YOU think back a year and a half, and the doom-mongers were out in force. Rumours have found a natural home online and the internet was throbbing to tales of Paul O'Connell's demise.
The debilitating effects of his groin injury complete with misdiagnoses and false dawns had been stretched out over most of 2010 and there was wild speculation as to whether he would ever return or, if he did, whether he would be the same player as before.
Those doubts have been cast to the wind as, rejuvenated by the extended break, O'Connell grew into 2011 and finished the year restored to his omnipotent best, a key component of Ireland's best World Cup moments and Munster's storming start to the Heineken Cup.
Yesterday's contract announcement -- following on swiftly from his confirmation as stand-in captain for Brian O'Driscoll -- confirms as much and the player, who turned 32 in October, has two years to re-emphasise his ongoing provincial and national importance.
What is this contract worth to O'Connell?
For much of the 2000s, O'Connell, O'Driscoll and Ronan O'Gara were the big three in terms of international influence and earning potential. O'Connell's last deal was estimated to be around the €400,000 per annum mark but his age and recessionary pressures would have been a factor in these latest negotiations.
However, with long-time second-row partner Donncha O'Callaghan believed to have secured a deal of around €300,000 per annum when he re-signed a little over a year ago, sources suggest O'Connell's deal, factoring in his impressive return to form and fitness, should be upwards of €350,000 per annum.
What has O'Connell been worth to Munster and Ireland?
Rugby cannot be compared to professional soccer in terms of revenue and global appeal but when it comes to salary versus contribution, rugby players can justifiably claim to provide greater value for money -- certainly in terms of physical commitment.
And O'Connell's commitment is legendary, as driven in a pre-season practice match as he is in a Heineken Cup or World Cup knockout match. Over the course of five contracts, it is estimated that O'Connell will have earned close to €3m as a pro rugby player -- a pittance in soccer terms -- and he has been worth every cent.
Is O'Connell as good as he was in the mid-2000s?
Better, according to Munster coach Tony McGahan, who has been working with O'Connell since he joined the province as defence coach in 2005.
"He is playing as well as ever, as is evident in the Heineken Cup," said McGahan. "His carrying and contact areas have improved. His work and desire to improve other aspects of his game are phenomenal. There's certainly evidence he's improving his game.
"This year the way he has played and dragged us through the first four games was excellent. He sets an example to younger players. He's also challenging himself to improve. He challenges coaches, fitness staff and medical staff. We're fortunate to have someone of his ilk in the squad.
"His gap through injury means he won't take anything for granted. And he's thrown himself into his rugby; he's in a very good place at this time."
He is not as mobile a second row as the up-and-coming breed of Courtney Lawes and Richie Gray and would never have been known for the sleight of hand of a Nathan Hines.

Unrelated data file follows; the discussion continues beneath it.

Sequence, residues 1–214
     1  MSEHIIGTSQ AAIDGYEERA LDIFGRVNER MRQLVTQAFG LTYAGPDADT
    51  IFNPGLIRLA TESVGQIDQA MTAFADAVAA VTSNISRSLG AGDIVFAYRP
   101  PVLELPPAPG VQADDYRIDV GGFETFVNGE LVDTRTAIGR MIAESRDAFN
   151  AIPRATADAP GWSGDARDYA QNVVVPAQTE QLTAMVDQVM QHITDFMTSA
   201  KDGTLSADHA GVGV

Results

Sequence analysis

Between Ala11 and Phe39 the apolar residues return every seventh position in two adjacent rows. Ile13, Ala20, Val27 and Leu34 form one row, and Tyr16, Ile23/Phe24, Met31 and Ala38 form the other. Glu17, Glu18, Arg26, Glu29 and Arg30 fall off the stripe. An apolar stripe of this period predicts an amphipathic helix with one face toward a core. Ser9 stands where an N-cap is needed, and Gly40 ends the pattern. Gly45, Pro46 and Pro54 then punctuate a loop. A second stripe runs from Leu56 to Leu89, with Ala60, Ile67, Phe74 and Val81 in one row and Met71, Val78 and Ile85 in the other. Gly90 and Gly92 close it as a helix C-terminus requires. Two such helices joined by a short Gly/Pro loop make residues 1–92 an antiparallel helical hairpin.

Before his injury, O'Connell had a habit of falling into contact when he took up possession but since his return, his ball-carrying has become considerably more effective, executed with greater frequency, tackle-breaking velocity and capacity to off-load.
Line-outs and restarts remain a major strength and source of study while, as McGahan notes, his work at the breakdown and in defence has also flourished. Nearly 12 years on from his try-scoring debut against Wales, O'Connell is raising the bar again.
Was O'Connell the right choice as captain?
The bold choice would have been to install Rory Best and instruct the Ulster hooker to lead Ireland into the next World Cup. At 29, Best has three years on O'Connell and nearly four on O'Driscoll and showed superb form and leadership at the World Cup. But that appointment could be delayed until the two Lions leaders depart.
For this Six Nations, O'Connell was the obvious choice. While his record as Ireland captain is not the healthiest (three wins from eight), his credentials are unimpeachable and he earned tremendous credit among players and management for his leadership on the 2009 Lions tour.
Where does O'Connell stand in the pantheon of Irish greats?
Next to Willie John, in most people's eyes. Just as Brian O'Driscoll is paired with a great of yesteryear, Mike Gibson in midfield, so is O'Connell regularly partnered by McBride in the second-row when all-time Irish XVs come up for discussion.
Over the course of 82 Tests for his country, the Limerick man has been a consistent rallying figure, earning him numerous man of the match awards along the way as well as superhero status in the eyes of devoted Munster and Ireland supporters.
Is this O'Connell's last contract?
Not necessarily. As he said himself yesterday, O'Connell's body is in "great nick" and revitalised by his time away from rugby and protected by the Irish system, there is nothing to say he could not sign another extension in 2014. Front-five forwards tend to go longer than most and there is precedent, recent and historical, for second-rows playing into their late 30s.
Legendary Ireland second-row and captain, Willie John McBride, played for Ireland at 34, while England and Lions colossus Simon Shaw turned 38 during the World Cup in New Zealand and was one of Martin Johnson's more effective players.
O'Connell's 2011 comeback is also a positive story for O'Driscoll, in the midst of his own extended injury break.